screw lolly column

home built in 1949, has what looks like could be original screw type lolly columns. Does anyone have any take on calling out these columns? I know they arn’t intended to be a perminate support today, but did that code exist in 1949?




You can make a recommendation regardless of what code may or may not have existed at the time the home was built.

Describe it what it is…temporary support. Regarding 1949 code, I’m willing to bet that post was not installed then, added much later to support a sagging floor or replace a rotted or termite damaged wood post.

Temporary support.

I write all these screw jacks up as…

Recommend replacing all temporary screw jacks with cement filled Lally Columns on footings.

Lally columns have been around (1st generation) for over 100 years however for the most part they were designed to have concrete in same… there are special lally columns which are designed to be permanent however the screw version is not one of them although many code officials accepted same.

You can find more info on what product is code compliant at

Why do you think they are “temporary” ??

Read Adjustable Steel Columns for inspectors.

When i inspected in Illinois they are used in new construction all the time. What is the problem.

The manufacturer has printed on them that they are temporary supports not intended for use permanently.

Inspecting Adjustable Steel Columns]( by Arlene Puentes

Glad you dug that up Larry.
Seems we have a contradiction here.

Larry, that article has so many errors in it, I don’t know where to begin. Pure nonsense.

All telescopic columns are less than 3 inches in diameter? C’mon.

And furthermore, the fact that the IRC says they can’t be less than 3 inches in diameter means that they recognize ones larger than 3 inches as acceptable, not unacceptable.

I just passed the ICC Contractors Exam a couple weeks ago and one of the questions was whether adjustable steel columns had to be permanently attached at the bottom or top. If they have to be permanently attached, how could they be temporary components?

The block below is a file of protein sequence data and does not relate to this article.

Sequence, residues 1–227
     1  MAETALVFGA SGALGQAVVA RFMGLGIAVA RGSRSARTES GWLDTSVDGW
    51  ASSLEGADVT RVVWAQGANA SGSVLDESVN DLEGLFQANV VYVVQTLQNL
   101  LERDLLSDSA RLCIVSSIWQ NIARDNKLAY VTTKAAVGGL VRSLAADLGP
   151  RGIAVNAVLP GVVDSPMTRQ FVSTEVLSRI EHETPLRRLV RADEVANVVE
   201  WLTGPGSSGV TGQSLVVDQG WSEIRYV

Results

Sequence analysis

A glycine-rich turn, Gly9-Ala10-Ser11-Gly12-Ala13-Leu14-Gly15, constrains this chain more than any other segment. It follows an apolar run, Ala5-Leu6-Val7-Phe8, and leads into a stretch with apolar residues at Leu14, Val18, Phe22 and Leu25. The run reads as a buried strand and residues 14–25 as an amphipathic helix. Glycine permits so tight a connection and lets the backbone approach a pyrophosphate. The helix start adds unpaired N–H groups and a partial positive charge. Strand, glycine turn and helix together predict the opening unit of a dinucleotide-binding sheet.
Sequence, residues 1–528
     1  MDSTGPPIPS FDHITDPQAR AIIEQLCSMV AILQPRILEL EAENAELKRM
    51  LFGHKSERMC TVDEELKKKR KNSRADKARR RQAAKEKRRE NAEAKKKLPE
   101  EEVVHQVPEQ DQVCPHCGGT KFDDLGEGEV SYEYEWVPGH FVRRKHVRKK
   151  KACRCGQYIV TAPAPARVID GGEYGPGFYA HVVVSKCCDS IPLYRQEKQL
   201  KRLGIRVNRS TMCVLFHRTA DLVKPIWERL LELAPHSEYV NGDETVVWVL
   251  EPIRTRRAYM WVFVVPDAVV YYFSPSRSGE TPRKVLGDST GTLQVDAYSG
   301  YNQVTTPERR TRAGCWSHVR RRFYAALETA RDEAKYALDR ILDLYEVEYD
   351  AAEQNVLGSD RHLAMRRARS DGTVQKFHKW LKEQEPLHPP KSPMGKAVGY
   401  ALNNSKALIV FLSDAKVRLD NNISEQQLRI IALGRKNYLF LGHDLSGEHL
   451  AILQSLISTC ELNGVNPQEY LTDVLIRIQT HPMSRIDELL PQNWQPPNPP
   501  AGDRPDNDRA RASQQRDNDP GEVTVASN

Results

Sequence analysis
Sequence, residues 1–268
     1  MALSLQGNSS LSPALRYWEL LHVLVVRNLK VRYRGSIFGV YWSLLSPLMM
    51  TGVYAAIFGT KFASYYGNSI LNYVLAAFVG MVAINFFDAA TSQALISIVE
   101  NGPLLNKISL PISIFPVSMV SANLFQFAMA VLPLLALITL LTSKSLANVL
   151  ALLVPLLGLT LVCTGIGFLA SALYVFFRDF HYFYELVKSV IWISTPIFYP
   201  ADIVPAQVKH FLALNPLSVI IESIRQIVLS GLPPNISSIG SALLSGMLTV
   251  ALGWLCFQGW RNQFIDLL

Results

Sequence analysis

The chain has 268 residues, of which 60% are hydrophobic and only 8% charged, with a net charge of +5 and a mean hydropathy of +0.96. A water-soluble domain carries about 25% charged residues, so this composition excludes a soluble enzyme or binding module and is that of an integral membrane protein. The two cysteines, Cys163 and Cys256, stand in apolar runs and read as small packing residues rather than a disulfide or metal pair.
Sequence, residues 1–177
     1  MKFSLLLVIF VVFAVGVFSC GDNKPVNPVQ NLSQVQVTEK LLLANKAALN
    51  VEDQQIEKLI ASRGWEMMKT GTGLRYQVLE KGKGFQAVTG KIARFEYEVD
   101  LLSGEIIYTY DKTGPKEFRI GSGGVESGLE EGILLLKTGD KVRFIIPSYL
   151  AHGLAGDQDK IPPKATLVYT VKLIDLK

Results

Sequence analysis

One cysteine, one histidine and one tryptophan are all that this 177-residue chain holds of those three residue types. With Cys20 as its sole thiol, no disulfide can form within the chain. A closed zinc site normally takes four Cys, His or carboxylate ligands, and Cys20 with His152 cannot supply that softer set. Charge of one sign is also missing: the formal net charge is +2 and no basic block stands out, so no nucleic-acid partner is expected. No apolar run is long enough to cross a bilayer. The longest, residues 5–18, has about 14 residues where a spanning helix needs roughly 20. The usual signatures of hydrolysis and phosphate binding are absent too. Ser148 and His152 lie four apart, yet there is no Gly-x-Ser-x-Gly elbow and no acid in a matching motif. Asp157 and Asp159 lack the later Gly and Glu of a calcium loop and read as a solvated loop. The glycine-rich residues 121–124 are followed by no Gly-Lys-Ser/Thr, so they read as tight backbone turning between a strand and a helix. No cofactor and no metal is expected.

Uh, no. The reason they are adjustable has nothing to do with “jacking up” anything. They are adjustable so that you don’t need a cutting torch to size them. They are sold by height range and then you adjust the screw to get the exact size needed, not to use as a jack.

Think about how a home is built. No one can pre-determine the exact height between the top of the post footer and the bottom of the beam flange… the jacks HAVE to be adjustable.

Having actually handled/used both of these columns, it is easy for me to see what they are talking about but for those that need further help understanding the difference between “telescoping” adjustable columns and “one piece” adjustable columns please read and see pictures here:


For full article go here:

Larry, the last time I copied that article with her name on it, she threaten Inachi for copyright infringement.
Although a good article, I will never use it again. And this was quite awhile ago. :slight_smile:

What’s so hard about simply noting the type of support posts in a home and simply allow the homeowners decide what they want to do with them?

When I find temporary support posts in a home, my inspection report states…

Temporary Support Posts installed. You may want to consider replacing all temporary screw jacks (support posts) with permanent cement filled Lally Columns.

Please provide us with the bearing load on each of these jacks so that we can determine that they are inadequate for the application.

If I put 50 screw jacks under my house, because I’m stupid and don’t know why I’m putting them there, should I be required to put 50 permanent jacks in their place?

Please go back to your standards of practice and read that home inspectors are not here to provide structural analysis or analysis of any component within the house. Then decide if you want to take on the engineering community as to whether the post should be replaced or not.

I would not need a load bearing analysis to determine if a post (jack) is a temporary support. A temporary support in my opinion is a defect. According to the SOP I follow I am required to report defects.

Are you the one asking this thread question?

Your opinion over an engineer. Go for it…

It’s not a defect if you can’t prove it is one…

You can have a support that is not a structural component, no?!

Stop a squeak in the floor that is not structural related?

“Oh my, you have a screw jack! Must do something about that”! Why? I want to know WHY?!

You have not given us any reason other than it is a srew jack that you consider temporary.

They may have been there since 1949!? What issues are detrimental to the structure are you seeing now to make us all sit up and want to change this!?